Inside the rebranding of Red Hawk

Earlier this year, systems integrator Red Hawk Fire & Security U.S., which consisted of a number of companies acquired by UTC beginning in 2004, was sold to a private equity firm. Now with a new leadership team in place, the company is looking to distance itself from its former owners and establish its own identity.

A part of the company’s rebranding strategy was announced just prior to ASIS 2012 with the launch of new company website, logo and the combining of some of the individual organizations that make up the integrator.

According to Mike Snyder, the former president of ADT who now runs Red Hawk as its CEO said that of the more than 20 company acquisitions that comprised Red Hawk, there was never a lot of integration between the firms which he said mainly operated independent of the parent company.

Snyder and the company’s new leadership team’s goal is to bring all of these different business units together and organize around them. "Our job is to take this great base, great companies and integrate them," he said.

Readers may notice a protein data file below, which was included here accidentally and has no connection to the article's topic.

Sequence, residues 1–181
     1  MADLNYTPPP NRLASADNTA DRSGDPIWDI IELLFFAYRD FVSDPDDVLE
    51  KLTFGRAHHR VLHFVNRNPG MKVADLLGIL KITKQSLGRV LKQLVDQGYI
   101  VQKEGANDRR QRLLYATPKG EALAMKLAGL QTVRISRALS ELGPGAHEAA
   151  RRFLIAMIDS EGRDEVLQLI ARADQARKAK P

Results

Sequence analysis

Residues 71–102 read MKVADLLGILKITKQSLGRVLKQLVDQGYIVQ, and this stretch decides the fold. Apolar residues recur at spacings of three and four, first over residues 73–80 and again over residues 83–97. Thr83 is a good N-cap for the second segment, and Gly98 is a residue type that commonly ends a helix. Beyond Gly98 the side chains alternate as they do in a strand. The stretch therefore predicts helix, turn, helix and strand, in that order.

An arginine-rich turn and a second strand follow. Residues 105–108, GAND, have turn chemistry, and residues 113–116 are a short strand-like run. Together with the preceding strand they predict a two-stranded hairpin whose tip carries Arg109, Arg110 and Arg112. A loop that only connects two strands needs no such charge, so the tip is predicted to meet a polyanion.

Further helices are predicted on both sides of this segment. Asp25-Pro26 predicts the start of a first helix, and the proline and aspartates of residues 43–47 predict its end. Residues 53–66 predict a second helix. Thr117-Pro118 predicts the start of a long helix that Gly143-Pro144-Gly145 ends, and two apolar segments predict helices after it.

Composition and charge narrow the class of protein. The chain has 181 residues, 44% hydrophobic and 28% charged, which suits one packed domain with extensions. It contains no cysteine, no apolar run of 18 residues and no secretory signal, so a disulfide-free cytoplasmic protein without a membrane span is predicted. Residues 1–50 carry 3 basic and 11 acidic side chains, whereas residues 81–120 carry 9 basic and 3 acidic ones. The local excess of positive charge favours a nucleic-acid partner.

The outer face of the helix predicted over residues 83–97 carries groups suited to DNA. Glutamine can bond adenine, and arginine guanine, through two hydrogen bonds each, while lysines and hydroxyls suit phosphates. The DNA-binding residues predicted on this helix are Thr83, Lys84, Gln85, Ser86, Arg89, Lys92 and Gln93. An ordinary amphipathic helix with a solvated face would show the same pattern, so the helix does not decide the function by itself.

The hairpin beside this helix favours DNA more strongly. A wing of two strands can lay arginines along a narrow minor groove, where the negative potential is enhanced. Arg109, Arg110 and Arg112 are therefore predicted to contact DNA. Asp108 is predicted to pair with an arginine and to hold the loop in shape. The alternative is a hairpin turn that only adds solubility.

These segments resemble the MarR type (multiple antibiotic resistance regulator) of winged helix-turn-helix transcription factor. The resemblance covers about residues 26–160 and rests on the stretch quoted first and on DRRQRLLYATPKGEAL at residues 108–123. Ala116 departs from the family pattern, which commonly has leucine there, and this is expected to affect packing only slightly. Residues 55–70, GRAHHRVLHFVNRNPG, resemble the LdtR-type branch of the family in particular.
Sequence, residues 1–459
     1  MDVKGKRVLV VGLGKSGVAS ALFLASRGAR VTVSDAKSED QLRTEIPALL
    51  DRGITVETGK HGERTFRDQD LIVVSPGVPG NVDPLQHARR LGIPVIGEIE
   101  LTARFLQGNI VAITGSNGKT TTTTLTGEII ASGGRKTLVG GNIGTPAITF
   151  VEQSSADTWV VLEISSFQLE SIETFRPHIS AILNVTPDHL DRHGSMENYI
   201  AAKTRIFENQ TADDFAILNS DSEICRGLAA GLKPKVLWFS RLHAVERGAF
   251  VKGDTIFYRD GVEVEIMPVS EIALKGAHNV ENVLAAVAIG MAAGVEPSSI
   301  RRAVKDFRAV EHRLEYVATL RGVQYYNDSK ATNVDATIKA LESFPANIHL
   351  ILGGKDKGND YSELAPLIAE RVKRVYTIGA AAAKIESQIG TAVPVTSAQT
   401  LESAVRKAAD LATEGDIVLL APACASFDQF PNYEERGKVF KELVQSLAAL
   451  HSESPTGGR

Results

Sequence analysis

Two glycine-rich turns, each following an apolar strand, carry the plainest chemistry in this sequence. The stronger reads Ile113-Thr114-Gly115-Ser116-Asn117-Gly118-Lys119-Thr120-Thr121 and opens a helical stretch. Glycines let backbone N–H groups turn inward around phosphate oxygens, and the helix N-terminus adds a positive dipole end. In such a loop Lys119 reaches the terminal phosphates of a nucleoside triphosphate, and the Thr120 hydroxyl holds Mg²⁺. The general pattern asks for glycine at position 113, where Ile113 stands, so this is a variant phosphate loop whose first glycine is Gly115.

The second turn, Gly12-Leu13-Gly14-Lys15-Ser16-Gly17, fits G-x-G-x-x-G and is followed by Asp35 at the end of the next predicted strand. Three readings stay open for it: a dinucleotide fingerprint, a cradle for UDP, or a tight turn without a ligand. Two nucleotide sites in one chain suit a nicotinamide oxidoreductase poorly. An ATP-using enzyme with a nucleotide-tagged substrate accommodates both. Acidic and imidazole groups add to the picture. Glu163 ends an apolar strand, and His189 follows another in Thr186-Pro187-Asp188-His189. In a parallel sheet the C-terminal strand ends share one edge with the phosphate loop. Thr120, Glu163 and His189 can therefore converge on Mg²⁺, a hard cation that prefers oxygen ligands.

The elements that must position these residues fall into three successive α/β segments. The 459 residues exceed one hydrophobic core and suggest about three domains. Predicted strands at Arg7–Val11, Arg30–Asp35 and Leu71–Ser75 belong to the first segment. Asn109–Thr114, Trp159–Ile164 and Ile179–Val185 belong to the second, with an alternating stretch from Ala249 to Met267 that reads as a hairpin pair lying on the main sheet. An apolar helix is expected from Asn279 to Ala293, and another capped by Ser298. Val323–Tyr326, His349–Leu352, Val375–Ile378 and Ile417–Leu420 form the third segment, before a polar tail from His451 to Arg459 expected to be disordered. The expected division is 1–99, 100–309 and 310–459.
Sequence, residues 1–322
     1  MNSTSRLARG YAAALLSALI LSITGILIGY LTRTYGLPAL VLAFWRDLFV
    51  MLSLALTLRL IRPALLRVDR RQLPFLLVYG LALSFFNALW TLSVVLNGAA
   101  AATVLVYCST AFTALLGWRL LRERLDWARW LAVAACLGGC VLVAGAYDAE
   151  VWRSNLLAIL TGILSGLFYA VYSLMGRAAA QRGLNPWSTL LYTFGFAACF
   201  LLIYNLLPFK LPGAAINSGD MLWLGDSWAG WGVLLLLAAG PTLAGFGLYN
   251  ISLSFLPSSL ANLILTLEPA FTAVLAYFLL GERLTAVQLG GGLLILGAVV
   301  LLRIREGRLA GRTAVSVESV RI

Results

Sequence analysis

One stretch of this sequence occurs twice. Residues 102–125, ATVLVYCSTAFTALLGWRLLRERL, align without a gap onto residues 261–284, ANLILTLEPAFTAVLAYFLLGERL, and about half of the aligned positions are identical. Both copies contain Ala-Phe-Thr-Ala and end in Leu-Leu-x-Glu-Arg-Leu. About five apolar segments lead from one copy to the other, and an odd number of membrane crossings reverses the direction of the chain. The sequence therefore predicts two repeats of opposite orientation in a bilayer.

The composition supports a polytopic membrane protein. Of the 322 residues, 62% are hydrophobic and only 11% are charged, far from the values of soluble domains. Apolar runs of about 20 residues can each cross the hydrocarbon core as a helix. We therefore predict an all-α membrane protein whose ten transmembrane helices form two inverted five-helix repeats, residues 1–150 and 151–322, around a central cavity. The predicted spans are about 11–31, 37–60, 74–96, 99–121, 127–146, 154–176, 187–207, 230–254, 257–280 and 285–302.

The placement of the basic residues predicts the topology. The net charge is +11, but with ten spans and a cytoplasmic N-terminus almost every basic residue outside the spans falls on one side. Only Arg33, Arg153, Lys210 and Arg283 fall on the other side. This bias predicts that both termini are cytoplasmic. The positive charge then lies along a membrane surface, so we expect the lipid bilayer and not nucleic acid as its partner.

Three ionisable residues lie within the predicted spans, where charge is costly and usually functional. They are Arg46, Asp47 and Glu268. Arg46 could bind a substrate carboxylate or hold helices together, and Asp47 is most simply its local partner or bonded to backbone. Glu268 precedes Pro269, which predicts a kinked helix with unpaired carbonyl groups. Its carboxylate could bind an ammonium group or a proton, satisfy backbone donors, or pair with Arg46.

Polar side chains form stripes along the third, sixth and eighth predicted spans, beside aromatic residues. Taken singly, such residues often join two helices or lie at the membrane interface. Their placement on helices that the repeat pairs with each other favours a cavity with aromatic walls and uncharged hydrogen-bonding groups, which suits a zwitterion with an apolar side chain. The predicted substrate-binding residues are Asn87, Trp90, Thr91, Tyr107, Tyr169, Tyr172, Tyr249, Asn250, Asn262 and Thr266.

Because they have so many disparate companies, however, Snyder said that they can leverage the expertise they have in different areas to offer customers a comprehensive set of services to meet their particular needs.

"No one, not even the big guys have all of the parts we have," Snyder told SIW on show floor at ASIS 2012 last week. "Too many companies in this industry go too small… or they’re way too broad."

Snyder said that the company will grow through its technology offerings and capabilities. He also emphasized the importance of distancing Red Hawk from UTC, which he believes they will accomplish through the aforementioned rebranding efforts that also include new company uniforms and logos on trucks in the field.

Despite the sluggish economy, Snyder feels that there is pent-up demand for security technology that Red Hawk intends to meet. With so many integrators doing work in both the commercial and residential markets, Snyder said that the waters have been muddied in the industry to some degree, which opens the door for companies like Red Hawk. "All those conditions pave the way for new entrants into the market," he said.

To differentiate themselves from their competitors, Snyder said that Red Hawk intends to focus on the "breadth" of their capabilities and offering "applications-based" solutions rather than just hardware.

"That’s how we’re going to cut through the clutter," he said. "Right now, it’s all about positioning ourselves and putting (the company) in a national model."